Summary: The gospel produces a burden, produces boldness, produces confidence, reveals God’s righteousness, and reveals God’s wrath.

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No other portion of Holy Scripture so completely sets forth the great doctrines of the Christian faith as does Paul’s Epistle to the Romans. No other product of the pen has ever more powerfully confronted the mind of man with the great truths of God. All of man’s alibis, all of his pretenses, all of his attempts at self-justification are mightily struck down by the truths of this book. In Romans, every argument which man can muster against the claims of God are thoroughly demolished with unanswerable logic by the Apostle Paul.

Paul had heard of the church at Rome, but he had never been there, nor had any of the other apostles. Evidently the church was begun by Jews living in Rome who had come to faith in Jerusalem on the Day of Pentecost. They spread the faith on their return to Rome and the church grew.

Although many barriers separated them, Paul felt a bond with these Romans. They were his brothers and sisters in Christ, and he longed to see them face to face. He had never met most of the Christians in Rome, yet he loved them. He sent this letter to introduce himself and to make a clear declaration of the faith.

Romans 1:1-18

It is likely that the importance of the Epistle to the Romans cannot be overstated. In the summer of A.D. 386 Aurelius Augustinus, a native of Tagaste in North Africa and Professor of Rhetoric at Milan, was on the brink of beginning a new life. Taking up his scroll he read, “Not in rioting and drunkenness, not in chambering and wantonness, not in strife and envying. But put ye on the Lord Jesus Christ, and make not provision for the flesh, to fulfil the lusts thereof” (Romans 13:13-14). “No further would I read,” he said, “nor had I any need; instantly, at the end of this sentence, a clear light flooded my heart and all the darkness of doubt vanished away.” Such was the conversion experience of St. Augustine.

In November, 1515, an Augustinian monk and Professor of Sacred Theology at the University of Wittenberg, Germany, began to expound this epistle to his students. As he prepared his lectures, he became more and more convinced that the just shall live by faith. “I greatly longed to understand Paul’s Epistle to the Romans,” he wrote, “and nothing stood in the way but that one expression, ‘the righteousness of God.’ . . . Night and day I pondered until . . . I grasped the truth that the righteousness of God is that righteousness whereby, through grace and sheer mercy, he justifies us by faith. Thereupon I felt myself to be reborn . . . .” Through the reading of this epistle, Martin Luther was born into the family of God. Many credit Luther with sparking the Protestant Reformation.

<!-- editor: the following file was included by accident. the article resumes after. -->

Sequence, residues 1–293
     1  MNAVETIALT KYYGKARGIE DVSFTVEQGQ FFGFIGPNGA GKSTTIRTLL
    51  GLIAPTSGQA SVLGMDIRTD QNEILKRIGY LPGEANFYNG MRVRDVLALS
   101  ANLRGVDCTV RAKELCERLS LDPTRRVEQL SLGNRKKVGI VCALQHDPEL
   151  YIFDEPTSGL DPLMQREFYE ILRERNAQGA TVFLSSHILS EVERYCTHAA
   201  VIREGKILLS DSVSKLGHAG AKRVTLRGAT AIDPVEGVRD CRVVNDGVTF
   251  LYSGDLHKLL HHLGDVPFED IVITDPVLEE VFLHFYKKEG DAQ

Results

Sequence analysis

On the evening of May 24, 1738, John Wesley unwillingly attended a society meeting at Aldersgate Street where someone was reading Luther’s Preface to the Epistle to the Romans. Wesley wrote in his journal, “About a quarter before nine, while he was describing the change which God works in the heart through faith in Christ, I felt my heart strangely warmed. I felt I did trust in Christ, Christ alone, for my salvation; and an assurance was given me that he had taken my sins away, even mine; and saved me from the law of sin and death.” This event, more than any other, launched the Evangelical Revival of the eighteenth century.

The great Swiss Reformer John Calvin said of this epistle, “When any one understands this Epistle, he has a passage opened to him to the understanding of the whole Scriptures.” James I. Packer, twentieth-century theologian, comments that “there is one book in the New Testament which links up with almost everything that the Bible contains: that is the Epistle to the Romans. . . . From the vantage point given by Romans, the whole landscape of the Bible is open to view, and the broad relation of the parts to the whole becomes plain. The study of Romans is the fittest starting-point for biblical interpretation and theology.”

In his commentary on Romans the well-known Greek scholar Frederic Godet observed that “The Reformation was undoubtedly the work of the Epistle to the Romans, as well as of that to the Galatians; and the probability is that every great spiritual revival in the church will be connected as effect and cause with a deeper understanding of this book.”

It has been said, “Reading through Romans repeatedly results in revival.”

I. The Gospel produces a burden (1:14).

"I am debtor both to the Greeks, and to the Barbarians; both to the wise, and to the unwise."

Paul’s burden is stated in the words, “I am debtor.” The term “debtor” refers to anyone who has a moral obligation. Paul felt he had a moral obligation to declare the gospel to all people. He would proclaim Christ with equal passion to a runaway slave like Onesimus or to a proud monarch like King Agrippa.

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